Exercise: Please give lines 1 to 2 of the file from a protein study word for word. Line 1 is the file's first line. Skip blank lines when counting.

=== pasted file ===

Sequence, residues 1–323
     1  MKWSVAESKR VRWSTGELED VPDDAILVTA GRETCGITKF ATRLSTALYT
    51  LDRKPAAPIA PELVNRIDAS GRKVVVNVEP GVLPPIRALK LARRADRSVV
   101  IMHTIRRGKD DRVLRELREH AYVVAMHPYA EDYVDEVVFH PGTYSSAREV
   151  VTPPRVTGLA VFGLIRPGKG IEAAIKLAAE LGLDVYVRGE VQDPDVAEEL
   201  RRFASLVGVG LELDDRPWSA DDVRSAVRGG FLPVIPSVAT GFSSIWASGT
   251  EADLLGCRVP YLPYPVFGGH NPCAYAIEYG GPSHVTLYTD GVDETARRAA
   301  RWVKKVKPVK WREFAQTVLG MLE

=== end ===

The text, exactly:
Sequence, residues 1–323
     1  MKWSVAESKR VRWSTGELED VPDDAILVTA GRETCGITKF ATRLSTALYT